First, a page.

What one says and does not say: vulnerability, leadership, and professional trajectories
I don’t say this lightly: participating in ITLP has been transformative for me. I’ve learned a lot through the readings, workshops, and applied learning aspects, but honestly, the most valuable aspects have been individual development and participation in a leadership community. I’m not entirely sure why these two things go hand in hand for me, but I believe that it has something to do with the support I’ve felt from all of everyone, both the instructors and cohort participants, throughout the program. Everyone has been incredibly generous with their time and willingness to listen, be present, and reflect back to one another what they’re hearing. Unsurprisingly, coaching is where this most of this has occurred, too, but I’ve noticed this happen in other spaces, including socially. To that end, I’d like to offer my gratitude to everyone involved with my cohort - you’ve really helped me get the most that I can out of the program.
Since before the second ITLP workshop in March, the last several months have been a challenge for me professionally. I have become increasingly uncertain about the direction of my career - I don’t always feel confident about my trajectory or what I should be planning for, and I get to questioning a lot of what I know or I’ve become comfortable. In part, I can directly ascribe this to my participation in ITLP, and in some ways, it’s a good thing to be pushed out of my comfort zone. I absolutely should be thinking this deeply about where I’ve been and where I want to be going. At the same time, it feels like many things have shifted and I’m feeling more unsettled than normal, lacking motivation towards accomplishing things at work, and needing positive energy in a time when I really need it to be successful as a leader in the context of my organization. I also realize that at the same time I’ve been experiencing a slow uptick in depression, which amplifies and distorts this further. This also ties into an seemingly ever-expanding skepticism about some of the big picture ideas or nominally agreed upon set of higher purposes that are emphasized in libraries, which Fobazi Ettarh has identified as vocational awe. What started as a potentially healthy exploration of what I want to be doing has turned into something much more uncomfortable, and it has been incredibly unpleasant.
One of the things that ITLP has emphasized for me is that I should be looking for patterns in my behavior and reactions, interrupt them when they are negative, and reinforce them when they’re positive. In this case I knew some of my own past behavior that I tried to interrupt or discourage earlier, like applying for lots and lots of positions as a way to make an undirected and imprecise change. Being in ITLP has helped me realize I need to be a bit more intentional about what I’m looking for and where I’m looking to go, so this helped me slow myself down. I also realized that when I’m feeling this way, and especially when I’m depressed, I tend to isolate myself a bit more. This is a common occurrence for people with depression, but even knowing that it was hard to interrupt this. Being together in the workshops has helped, which underscores the importance of building relationships. Just the same, it also reinforced the need to sustain relationships through continued investment in them, both in terms of the ITLP cohort, as well as my friends and close colleagues who know both me and my career better than I know myself. As my friend Eira Tansey recently wrote regarding surviving current political landscape:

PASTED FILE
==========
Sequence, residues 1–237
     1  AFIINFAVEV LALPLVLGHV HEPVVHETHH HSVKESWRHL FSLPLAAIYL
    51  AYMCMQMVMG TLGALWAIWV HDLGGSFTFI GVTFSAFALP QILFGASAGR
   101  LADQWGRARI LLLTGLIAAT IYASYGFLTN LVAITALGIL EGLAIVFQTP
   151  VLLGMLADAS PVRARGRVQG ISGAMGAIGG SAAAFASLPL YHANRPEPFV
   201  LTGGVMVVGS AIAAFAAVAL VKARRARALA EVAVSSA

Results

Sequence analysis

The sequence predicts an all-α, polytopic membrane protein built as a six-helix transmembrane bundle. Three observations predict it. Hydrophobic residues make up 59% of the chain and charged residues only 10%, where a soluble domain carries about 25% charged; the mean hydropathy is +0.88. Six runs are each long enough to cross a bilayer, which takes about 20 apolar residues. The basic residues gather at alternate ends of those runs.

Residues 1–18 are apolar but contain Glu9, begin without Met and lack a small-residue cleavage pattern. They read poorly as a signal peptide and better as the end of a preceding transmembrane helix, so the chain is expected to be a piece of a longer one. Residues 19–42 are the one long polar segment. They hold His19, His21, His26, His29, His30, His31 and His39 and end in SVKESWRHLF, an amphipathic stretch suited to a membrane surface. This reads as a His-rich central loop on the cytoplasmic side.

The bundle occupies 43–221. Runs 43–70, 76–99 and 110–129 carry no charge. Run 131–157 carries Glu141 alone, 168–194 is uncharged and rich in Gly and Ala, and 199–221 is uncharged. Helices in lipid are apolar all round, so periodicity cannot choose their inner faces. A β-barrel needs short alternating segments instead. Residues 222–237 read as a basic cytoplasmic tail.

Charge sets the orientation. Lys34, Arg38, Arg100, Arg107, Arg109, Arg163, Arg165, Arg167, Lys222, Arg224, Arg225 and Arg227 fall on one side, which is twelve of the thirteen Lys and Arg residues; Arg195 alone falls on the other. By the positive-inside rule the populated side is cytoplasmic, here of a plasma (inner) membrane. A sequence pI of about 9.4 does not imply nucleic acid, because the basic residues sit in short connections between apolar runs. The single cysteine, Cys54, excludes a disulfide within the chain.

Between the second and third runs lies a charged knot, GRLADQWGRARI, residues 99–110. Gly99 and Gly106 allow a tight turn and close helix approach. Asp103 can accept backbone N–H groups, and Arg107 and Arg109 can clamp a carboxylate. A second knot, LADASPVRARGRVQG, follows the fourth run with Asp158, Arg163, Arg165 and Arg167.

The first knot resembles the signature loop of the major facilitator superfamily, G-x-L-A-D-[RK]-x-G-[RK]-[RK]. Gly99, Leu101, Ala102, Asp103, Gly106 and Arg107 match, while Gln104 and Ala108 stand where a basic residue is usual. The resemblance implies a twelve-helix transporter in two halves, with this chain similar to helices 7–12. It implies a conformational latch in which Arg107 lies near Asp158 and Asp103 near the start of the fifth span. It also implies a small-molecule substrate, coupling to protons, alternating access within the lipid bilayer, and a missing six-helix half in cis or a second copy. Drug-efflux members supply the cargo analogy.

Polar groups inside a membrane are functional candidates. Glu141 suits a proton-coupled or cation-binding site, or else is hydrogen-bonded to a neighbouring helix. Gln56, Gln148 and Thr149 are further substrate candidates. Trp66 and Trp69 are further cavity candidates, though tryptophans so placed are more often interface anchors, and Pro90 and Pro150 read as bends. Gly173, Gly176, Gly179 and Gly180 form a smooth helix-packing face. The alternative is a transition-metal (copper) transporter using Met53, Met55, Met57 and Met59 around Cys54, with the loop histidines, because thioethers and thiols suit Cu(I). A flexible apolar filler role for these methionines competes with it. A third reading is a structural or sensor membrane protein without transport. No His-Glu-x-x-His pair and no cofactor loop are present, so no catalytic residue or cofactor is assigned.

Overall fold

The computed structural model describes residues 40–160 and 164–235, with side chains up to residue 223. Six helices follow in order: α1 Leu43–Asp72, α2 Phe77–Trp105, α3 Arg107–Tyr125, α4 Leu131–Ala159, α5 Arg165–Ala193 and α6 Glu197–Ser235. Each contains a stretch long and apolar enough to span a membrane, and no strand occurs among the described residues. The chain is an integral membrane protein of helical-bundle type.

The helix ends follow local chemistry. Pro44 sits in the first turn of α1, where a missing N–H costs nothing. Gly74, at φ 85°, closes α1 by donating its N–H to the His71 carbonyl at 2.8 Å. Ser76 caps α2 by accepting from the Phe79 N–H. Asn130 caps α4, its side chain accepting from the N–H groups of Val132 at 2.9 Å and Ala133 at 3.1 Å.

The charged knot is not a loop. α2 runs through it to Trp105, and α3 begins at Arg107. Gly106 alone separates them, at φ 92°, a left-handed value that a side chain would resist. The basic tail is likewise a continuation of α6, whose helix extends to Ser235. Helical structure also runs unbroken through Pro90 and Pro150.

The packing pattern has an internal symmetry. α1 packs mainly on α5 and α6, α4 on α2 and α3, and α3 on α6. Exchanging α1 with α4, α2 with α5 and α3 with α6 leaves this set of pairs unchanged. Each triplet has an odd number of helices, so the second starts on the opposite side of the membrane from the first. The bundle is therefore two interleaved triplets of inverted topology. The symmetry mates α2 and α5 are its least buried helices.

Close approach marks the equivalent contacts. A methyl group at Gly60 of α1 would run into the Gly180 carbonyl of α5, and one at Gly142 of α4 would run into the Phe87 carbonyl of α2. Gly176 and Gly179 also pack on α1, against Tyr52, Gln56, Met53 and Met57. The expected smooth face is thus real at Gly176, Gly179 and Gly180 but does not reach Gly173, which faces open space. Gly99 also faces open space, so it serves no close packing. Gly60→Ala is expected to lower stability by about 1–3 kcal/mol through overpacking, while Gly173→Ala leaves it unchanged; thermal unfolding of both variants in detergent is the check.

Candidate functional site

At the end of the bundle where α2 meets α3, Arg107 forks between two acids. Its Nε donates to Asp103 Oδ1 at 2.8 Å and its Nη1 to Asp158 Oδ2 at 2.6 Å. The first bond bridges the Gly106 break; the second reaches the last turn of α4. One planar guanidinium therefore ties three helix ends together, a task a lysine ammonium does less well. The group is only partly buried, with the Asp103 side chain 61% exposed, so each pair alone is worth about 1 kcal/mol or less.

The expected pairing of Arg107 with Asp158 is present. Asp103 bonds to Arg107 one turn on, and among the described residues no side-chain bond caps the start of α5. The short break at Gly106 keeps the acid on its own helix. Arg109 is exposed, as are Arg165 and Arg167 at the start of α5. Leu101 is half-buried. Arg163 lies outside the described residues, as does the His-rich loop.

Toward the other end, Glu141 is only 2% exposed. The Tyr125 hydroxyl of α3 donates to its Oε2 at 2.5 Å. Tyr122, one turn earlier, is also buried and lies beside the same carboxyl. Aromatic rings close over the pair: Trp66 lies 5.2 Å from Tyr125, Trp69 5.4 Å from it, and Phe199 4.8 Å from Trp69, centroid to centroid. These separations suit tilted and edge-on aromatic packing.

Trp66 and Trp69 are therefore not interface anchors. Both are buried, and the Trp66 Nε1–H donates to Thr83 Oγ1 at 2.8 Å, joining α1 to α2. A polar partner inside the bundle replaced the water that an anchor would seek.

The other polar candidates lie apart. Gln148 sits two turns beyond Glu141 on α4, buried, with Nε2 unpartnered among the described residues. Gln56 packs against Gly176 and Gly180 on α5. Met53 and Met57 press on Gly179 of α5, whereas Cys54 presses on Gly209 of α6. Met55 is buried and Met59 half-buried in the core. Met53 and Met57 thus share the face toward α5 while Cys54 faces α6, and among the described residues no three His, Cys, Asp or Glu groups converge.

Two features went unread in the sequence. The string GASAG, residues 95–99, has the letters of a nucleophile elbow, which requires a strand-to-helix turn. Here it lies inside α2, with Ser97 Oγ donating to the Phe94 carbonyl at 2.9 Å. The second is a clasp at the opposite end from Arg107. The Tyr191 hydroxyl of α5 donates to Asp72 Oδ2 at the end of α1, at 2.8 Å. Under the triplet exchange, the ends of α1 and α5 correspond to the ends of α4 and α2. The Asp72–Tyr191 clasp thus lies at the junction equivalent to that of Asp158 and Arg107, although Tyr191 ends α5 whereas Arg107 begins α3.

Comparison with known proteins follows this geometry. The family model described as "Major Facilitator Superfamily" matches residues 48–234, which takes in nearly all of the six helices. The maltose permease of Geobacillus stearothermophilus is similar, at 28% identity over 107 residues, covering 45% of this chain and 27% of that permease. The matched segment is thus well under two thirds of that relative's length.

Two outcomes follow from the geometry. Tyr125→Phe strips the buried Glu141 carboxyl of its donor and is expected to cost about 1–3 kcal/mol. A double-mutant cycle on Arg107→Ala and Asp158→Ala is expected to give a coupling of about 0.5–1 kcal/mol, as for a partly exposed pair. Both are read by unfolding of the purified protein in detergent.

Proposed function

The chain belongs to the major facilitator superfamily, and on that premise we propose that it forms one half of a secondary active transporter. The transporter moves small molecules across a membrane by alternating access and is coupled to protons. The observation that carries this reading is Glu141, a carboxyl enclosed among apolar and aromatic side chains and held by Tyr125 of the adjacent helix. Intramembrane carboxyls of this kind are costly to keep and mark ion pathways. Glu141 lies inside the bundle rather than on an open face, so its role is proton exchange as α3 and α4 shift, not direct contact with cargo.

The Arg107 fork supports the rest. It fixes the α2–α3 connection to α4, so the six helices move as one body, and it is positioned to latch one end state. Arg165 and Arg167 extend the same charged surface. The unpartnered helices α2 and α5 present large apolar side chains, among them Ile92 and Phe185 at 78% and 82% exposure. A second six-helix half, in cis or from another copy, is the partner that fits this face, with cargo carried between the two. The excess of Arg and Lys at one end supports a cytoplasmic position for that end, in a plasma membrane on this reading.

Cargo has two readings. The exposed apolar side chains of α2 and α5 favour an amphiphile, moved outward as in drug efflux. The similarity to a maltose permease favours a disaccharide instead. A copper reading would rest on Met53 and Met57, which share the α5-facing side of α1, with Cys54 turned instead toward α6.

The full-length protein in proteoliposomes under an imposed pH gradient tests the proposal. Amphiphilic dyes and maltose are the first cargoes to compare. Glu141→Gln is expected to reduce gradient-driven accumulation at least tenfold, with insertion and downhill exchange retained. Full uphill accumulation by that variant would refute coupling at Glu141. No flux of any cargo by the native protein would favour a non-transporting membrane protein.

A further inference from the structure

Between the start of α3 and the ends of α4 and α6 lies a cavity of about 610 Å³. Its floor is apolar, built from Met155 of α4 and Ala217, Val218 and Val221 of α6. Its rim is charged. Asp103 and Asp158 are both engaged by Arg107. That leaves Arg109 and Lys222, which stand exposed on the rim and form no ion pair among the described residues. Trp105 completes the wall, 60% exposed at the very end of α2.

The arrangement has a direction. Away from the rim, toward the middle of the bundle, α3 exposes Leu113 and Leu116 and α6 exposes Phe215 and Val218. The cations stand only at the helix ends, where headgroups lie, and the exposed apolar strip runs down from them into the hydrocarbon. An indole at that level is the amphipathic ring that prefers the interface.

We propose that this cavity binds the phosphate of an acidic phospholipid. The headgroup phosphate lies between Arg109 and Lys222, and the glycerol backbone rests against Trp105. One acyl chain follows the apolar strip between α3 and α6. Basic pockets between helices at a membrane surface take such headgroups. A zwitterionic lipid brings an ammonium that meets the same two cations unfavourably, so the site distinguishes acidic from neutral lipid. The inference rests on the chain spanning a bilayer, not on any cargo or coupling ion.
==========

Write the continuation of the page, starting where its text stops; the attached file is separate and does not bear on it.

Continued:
The most important thing you can do right now in this absolutely terrifying hellscape is to build a community of people, preferably in either close proximity or frequent contact, who care for you, and both hold and inspire you to the standards of bravery and accountability you aspire to. This is the foundation for surviving the foreseeable future.
So, with that in mind, I have really doubled down on having to both lean on and invest in my friends and colleagues. It hasn’t been enough to connect in spaces like ITLP workshops and at conferences, which means the onus has been on me to make space actively for additional conversations. All said, it’s sometimes a struggle, but this focus has also helped me choose the important over the immediate.
Finally, through all of this I’ve come to the realization that one of the things that can be the most challenging about dealing with kind of self-examination and questioning one’s own professional compass is how to articulate this to others. In my experience, there are very few ways to do so which are professionally acceptable. The seemingly professionally acceptable thing is to be silent; as leaders, we know we should be mindful of our presence. When we’re expected to bring our whole selves to work, being this open feels like a risk. Acknowledging this kind of doubt, indirection, or what have you in itself is vulnerable, and I was certainly less inclined to be open about it to others — even those closest to me — since I was worried that it would impact my credibility or authority. It’s also clear that something was in fact amiss - that my colleagues knew or saw something even though I had chosen to say nothing. As I’ve been able to open up about this more, I’ve realized that being this vulnerable is part of acknowledging my humanity as a leader. It’s still a scary subject because I am still afraid this openness might be used against me, or that it will somehow be a barrier to success. Nonetheless, my willingness to be more authentic about this has allowed me to connect with others even more closely now that I understand how common this feeling actually is.